It's the unique situations that we have that have more complex chains -- like, you know, we didn't have to code anything in order for him to pick up a weapon, so if the AI happens, let's say, to throw an incendiary grenade at the player: As part of the "I'm on fire" behavior, he drops his weapon. We didn't have to go in there and code anything for him to go pick up his weapon; he just knows to go pick up his weapon because he wants to kill the enemy, and that's something in that plan.

There are more complicated behaviors, from an architectural standpoint, that don't necessarily seem complicated from the player's point of view. So we may have a complicated chain of like four or five different actions that happen in a row, but from the player's point of view, it's really just him displacing to another cover node, patting down an ally who had been on fire, or reacting to a shock grenade. They can get complicated behind the player's back, but it doesn't necessarily look that complicated to them.

That's the best outcome, actually, to a player, isn't it? That's kind of the weird thing about AI. You're probably doing your best job when the player doesn't notice it.

MR: Oh yeah. I mean, if the player notices the AI, there's two cases: Either he's done something great, or he ran against the wall for the last three seconds. And, generally, good AI is not noticed; great AI is noticed, but that's far more rare.

I think we've made some substantial improvements from F.E.A.R. 1 to F.E.A.R. 2 -- that does not necessarily mean that the AI is any more difficult to kill, it just means that the environment is richer, and the player is more engaged in the combat. Because, I feel, we've made the AI seem a little bit more realistic. He's not more difficult, he's just more realistic.

You do, to an extent, have some companion-type AI characters who fight alongside you in games, and that's also been a little bit touchy in general. There are a lot of complicated issues there, whether it's how effective they are, how effective they aren't -- intentionally, or accidentally.

MR: Yeah. I mean, one of the main problems is that it's difficult for the AI system to understand the verbs of the player, or player intent, you know? There are some games -- I feel like Rainbow Six does it particularly well, and we do too -- if you narrow the focus of the engagement, so that pretty much the only thing you can do is stand on one side of the environment and fight the AI on the other side... then it becomes very successful, because the AI really knows what the player is trying to do: he's trying to kill the bad guys.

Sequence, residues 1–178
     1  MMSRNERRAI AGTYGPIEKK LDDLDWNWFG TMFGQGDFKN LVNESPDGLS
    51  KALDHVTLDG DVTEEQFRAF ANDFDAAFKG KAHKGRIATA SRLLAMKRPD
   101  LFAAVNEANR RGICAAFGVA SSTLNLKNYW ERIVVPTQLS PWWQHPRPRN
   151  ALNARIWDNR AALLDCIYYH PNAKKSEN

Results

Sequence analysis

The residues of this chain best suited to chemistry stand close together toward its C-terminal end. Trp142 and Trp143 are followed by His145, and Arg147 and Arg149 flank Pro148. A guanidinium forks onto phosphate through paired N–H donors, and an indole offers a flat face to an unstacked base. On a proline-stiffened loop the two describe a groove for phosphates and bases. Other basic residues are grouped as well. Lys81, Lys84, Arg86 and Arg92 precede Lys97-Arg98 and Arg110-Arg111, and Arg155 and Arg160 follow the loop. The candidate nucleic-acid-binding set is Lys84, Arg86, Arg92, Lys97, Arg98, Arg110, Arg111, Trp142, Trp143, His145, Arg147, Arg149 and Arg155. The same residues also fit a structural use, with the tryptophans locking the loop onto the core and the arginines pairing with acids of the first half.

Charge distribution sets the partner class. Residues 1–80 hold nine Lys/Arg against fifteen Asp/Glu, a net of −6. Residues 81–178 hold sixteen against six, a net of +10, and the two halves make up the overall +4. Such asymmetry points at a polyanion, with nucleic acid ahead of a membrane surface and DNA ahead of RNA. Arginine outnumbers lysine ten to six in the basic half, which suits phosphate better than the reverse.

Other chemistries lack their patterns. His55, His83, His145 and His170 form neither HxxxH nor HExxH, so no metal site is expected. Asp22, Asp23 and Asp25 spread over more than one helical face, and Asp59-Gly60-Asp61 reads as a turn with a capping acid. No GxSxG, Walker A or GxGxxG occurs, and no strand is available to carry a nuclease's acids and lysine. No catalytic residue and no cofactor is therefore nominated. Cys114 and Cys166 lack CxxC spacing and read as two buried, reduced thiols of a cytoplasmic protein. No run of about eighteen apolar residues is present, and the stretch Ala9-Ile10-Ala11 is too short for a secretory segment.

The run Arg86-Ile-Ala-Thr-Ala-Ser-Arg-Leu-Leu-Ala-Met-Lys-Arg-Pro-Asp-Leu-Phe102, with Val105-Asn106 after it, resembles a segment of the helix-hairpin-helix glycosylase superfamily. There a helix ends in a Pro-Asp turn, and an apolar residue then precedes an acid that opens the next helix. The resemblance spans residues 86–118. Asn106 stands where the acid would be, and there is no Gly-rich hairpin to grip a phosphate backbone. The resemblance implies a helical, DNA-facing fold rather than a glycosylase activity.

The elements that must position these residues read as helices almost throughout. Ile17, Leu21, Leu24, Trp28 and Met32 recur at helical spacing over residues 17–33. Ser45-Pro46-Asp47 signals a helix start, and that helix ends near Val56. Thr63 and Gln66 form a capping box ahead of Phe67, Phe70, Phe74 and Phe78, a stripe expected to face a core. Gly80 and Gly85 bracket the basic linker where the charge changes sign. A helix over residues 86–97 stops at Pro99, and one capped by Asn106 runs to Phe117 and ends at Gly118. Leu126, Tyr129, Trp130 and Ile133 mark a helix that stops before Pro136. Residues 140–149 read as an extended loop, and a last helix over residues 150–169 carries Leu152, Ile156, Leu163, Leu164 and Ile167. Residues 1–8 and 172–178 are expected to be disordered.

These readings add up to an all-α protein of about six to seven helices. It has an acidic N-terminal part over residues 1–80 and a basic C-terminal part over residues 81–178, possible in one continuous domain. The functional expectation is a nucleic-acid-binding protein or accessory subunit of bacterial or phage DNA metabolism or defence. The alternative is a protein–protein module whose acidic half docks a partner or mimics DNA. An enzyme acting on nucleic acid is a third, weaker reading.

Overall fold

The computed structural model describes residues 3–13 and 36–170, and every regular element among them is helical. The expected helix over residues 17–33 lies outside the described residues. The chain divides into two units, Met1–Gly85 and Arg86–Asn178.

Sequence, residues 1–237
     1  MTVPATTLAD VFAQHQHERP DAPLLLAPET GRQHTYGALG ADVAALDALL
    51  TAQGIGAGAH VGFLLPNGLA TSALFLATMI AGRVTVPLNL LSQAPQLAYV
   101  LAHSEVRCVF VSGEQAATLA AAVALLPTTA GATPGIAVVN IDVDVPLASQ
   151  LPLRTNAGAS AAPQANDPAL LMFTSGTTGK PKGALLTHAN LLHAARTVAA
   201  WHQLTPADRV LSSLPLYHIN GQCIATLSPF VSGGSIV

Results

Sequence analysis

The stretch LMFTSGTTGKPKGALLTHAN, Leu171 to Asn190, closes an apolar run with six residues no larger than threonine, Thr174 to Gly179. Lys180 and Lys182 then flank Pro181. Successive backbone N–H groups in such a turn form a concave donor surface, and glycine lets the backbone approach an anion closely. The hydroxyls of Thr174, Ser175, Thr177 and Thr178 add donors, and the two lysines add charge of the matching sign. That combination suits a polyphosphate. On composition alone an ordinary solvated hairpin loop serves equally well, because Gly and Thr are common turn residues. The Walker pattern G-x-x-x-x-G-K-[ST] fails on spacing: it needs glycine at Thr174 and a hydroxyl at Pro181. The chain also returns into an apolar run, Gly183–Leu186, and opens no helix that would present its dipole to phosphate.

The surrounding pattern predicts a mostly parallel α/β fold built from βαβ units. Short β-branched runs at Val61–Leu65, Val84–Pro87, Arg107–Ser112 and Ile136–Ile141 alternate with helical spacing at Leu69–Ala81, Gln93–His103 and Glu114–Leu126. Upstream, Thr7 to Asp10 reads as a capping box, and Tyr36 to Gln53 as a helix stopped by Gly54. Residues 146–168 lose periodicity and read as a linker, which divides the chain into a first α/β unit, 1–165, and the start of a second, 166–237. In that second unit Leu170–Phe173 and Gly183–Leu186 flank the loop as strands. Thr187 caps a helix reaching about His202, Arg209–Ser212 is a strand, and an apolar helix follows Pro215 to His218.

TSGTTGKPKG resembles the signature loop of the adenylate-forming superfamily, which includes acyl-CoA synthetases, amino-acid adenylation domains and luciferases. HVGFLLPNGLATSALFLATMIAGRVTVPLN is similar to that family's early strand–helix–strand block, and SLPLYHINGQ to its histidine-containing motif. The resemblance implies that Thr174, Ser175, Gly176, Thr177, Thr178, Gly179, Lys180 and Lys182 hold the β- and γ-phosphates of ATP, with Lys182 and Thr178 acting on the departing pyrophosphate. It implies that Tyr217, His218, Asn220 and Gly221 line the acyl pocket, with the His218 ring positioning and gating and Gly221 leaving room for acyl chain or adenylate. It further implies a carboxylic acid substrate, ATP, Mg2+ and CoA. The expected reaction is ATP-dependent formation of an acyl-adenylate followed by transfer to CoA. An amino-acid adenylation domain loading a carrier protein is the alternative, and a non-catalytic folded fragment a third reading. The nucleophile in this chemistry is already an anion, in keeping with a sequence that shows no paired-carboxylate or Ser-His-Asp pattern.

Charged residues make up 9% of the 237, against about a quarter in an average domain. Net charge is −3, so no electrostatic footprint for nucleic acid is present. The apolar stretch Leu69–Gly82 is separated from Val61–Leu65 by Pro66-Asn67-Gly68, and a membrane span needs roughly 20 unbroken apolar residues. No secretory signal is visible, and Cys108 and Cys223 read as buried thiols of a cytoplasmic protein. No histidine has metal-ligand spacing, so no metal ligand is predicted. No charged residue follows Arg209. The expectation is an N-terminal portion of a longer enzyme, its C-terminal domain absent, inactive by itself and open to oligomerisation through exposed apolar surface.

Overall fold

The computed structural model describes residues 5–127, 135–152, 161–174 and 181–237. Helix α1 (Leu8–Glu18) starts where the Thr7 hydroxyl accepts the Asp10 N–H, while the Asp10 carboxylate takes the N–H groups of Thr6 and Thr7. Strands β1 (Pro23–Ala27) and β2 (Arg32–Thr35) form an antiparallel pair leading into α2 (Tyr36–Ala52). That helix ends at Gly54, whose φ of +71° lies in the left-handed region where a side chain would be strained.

Halo does not have this problem, but one example of a problem that other games have is, when an AI tries to jump into a Warthog, it's simple stuff like, "Does the player want to jump into the driver's seat? Or does he want me to jump out of the driver's seat so that I can jump on the turret?" You know, it's just this complicated thing where the AI is trying to magically figure out what the player is trying to do.

Multiplayer players have problems with that, too! (laughs)

MR: Yeah, exactly. It's a problem overall. Hopefully it's mitigated with multiplayer by voice chat -- and perhaps that's something that we'll see. Like I said, I think Rainbow Six and those do it kind-of well, and I think that's because the actions that the companion AI does is directed by the player. Like, the player explicitly tells the AI: "Go break down this door!" It's not up for the AI to decide whether or not that happens. So, if there's some direction that the player can give the AI, I think that the problems get a lot smaller.


Article Start Previous Page 6 of 6